14ymedio, Yoani Sánchez, Havana, 30 January 2022 — There was a time when I would leave school and walk as fast as I could until I reached several used book stores that were on my way home. After completing the journey, it was not uncommon to have in my hands a volume of Victor Hugo, some compendium of science fiction stories, or a tome on the French Revolution. That anxiety became more intense during the days of the Havana Book Fair, when many Cubans hoped to find something new to read.
This year, the main publishing party on the Island has been postponed as a result of covid-19, but the event has been languishing for years. The moments of greatest dynamism and influx of international authors that were experienced at the beginning of this century are a thing of the past. Those days ,when I was lucky enough to experience the Fair from within as an employee of the Gente Nueva [New People] publishing house, remain in my memory. That immersion in its inner workings allowed me to know the deep problems that would end up accelerating its death throes.
Censorship marked the Fair from its beginning. It wasn’t uncommon for a title to be put back in its boxes on the very day it was released and for some justification to be invented to prevent it from reaching readers. I had to see beautiful stories dedicated to children that were never sold because their author has just gone into exile and made critical statements about the regime. More than once, directors panicked when they noticed that a text by Mario Vargas Llosa or a novel by Milan Kundera had slipped in among the foreign books.
But it was not only a matter of censorship. All of us who worked on the fairs held each February dedicated more than 16 hours a day to making the event happen. The conditions in which we worked were terrible. Many times there was no water to drink, lunch arrived late and we were subject to the annoyance of readers who did not understand the delays and the absence of certain authors. We were the targets of anger and exploitation.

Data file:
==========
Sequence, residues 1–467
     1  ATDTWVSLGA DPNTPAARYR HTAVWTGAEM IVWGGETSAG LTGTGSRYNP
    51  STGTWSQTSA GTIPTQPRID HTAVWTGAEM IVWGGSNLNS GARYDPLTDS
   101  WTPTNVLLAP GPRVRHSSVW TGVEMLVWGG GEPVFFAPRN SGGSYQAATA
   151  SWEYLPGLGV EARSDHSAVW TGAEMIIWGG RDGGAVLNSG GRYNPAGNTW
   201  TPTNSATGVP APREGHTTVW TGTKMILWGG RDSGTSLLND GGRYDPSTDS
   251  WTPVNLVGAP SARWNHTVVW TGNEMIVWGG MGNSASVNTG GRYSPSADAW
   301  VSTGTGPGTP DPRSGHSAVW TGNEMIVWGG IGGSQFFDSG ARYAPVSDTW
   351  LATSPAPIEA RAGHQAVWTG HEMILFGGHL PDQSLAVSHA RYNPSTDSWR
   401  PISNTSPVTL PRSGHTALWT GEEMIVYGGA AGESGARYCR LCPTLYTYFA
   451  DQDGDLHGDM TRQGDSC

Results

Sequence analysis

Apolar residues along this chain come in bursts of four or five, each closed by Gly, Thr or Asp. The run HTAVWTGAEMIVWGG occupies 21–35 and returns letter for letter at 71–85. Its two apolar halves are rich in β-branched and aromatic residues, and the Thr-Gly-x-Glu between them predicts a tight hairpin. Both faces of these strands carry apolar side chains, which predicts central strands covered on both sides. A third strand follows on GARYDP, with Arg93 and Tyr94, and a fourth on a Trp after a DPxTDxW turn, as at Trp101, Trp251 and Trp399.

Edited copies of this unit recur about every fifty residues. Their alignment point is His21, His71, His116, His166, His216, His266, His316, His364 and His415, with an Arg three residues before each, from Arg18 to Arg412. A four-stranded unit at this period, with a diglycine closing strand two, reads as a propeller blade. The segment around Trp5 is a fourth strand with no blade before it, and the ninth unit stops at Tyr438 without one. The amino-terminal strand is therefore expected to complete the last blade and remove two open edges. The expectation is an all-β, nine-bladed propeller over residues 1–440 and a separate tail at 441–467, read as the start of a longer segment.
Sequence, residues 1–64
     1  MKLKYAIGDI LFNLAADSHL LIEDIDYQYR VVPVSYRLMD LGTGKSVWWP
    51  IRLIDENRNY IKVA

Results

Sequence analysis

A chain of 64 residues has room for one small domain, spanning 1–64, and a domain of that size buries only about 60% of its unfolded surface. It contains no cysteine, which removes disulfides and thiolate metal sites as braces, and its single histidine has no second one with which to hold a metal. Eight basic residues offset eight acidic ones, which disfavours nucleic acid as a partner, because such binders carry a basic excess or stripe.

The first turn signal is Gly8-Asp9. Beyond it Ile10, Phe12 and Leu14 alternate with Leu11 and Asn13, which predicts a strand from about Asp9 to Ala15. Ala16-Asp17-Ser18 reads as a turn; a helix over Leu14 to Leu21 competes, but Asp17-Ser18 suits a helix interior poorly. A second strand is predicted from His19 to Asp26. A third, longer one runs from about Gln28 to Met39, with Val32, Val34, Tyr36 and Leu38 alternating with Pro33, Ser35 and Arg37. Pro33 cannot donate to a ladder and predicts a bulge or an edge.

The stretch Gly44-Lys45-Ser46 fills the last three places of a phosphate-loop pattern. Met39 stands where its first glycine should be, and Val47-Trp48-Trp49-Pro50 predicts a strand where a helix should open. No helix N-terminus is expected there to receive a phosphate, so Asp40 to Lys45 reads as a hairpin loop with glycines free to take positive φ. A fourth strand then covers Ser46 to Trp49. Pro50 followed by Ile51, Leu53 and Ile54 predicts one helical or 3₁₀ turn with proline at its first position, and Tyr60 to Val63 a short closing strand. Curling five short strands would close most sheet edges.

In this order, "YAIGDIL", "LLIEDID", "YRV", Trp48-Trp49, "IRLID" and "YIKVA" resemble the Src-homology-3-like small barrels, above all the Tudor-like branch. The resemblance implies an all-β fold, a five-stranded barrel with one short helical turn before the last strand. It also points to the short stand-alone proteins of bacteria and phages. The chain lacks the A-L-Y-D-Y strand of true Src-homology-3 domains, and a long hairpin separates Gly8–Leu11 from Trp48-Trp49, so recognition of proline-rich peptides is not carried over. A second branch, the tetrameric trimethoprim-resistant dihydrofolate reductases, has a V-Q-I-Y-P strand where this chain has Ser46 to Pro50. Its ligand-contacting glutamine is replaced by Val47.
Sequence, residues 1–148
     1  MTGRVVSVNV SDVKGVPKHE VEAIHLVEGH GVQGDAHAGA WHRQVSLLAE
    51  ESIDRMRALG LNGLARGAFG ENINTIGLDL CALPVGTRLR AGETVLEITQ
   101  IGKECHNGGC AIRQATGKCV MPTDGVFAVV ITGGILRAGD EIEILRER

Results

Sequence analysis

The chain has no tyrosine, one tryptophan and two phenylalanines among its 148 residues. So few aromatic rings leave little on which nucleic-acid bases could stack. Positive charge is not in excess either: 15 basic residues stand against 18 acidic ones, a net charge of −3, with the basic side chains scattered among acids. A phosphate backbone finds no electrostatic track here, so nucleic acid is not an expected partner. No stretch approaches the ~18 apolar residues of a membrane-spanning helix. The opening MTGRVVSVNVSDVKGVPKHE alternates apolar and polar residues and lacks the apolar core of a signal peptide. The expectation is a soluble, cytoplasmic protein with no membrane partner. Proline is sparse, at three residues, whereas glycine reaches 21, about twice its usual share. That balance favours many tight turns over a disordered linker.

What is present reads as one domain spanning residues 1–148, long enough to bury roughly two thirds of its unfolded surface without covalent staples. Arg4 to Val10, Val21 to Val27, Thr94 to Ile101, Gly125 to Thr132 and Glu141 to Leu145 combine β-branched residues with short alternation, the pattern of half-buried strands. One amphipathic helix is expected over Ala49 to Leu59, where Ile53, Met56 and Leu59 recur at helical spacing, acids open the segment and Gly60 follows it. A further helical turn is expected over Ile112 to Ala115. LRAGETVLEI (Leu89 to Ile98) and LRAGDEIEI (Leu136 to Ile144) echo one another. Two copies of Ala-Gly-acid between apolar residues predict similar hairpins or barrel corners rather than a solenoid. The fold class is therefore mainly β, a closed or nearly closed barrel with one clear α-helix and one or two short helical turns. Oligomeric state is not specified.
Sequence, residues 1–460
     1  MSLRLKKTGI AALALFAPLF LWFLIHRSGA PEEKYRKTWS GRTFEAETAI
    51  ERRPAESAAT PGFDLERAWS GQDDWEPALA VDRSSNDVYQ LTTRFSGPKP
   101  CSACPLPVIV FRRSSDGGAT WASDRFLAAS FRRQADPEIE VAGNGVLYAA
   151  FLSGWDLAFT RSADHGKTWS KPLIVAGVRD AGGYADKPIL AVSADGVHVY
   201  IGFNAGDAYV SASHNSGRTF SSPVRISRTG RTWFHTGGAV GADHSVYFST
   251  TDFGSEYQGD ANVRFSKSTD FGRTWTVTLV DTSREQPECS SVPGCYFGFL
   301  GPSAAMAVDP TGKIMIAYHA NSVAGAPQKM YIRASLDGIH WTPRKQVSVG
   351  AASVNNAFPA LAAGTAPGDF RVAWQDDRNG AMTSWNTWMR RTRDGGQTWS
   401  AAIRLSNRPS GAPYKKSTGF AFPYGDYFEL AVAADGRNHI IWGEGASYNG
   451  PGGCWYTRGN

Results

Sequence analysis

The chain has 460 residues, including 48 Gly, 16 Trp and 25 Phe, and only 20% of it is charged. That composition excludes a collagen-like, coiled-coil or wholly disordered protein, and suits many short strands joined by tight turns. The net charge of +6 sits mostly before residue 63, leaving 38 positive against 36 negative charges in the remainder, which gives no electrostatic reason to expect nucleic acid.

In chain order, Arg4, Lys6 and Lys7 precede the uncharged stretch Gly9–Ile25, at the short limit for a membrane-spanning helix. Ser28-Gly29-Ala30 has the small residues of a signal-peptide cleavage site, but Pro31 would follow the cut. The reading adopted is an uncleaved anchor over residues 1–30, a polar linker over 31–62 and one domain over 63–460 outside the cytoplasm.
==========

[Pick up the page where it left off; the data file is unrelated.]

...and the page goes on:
The invited authors did not have a very good time either. While some internationally renowned figures were treated like royalty, most locals saw bureaucracy and extremism take the shine off their literary moment. It was not infrequent for releases initially announced with hundreds of copies, to appear with barely a dozen for sale. Copyright payments were as meager as they were convoluted to collect.
The Fair has also been killed by the inability to acquire the right to distribute the great works that have been written in the last quarter century. The mania for pirating books and not paying a penny for their massive printing, that characterized the “revolutionary impetus” of the 1960s and 1970s, left the Island as a predator in the eyes of the planet’s big publishing houses.
Little by little, the meeting at La Cabaña fortress – a place with dark connotations for freedom – became the fanfare of an inaugural speech, the naming of a guest of honor country granted more for political convenience than for literary merit, and a space to shop for knitted purses, woodcut horoscopes, hot dogs and football stickers. Good titles became increasingly scarce and difficult to acquire due to their prices.
Last Sunday, when I learned of the postponement of the Havana Book Fair, I did not feel sorry for that teenager who hastened her pace to climb the hill that separates the bay tunnel from the first moat of the colonial fortress. Rather, I had a moment of relief knowing that the corpse of what was a good time for reading will be able to rest in peace for a few more weeks, without so much manipulation.
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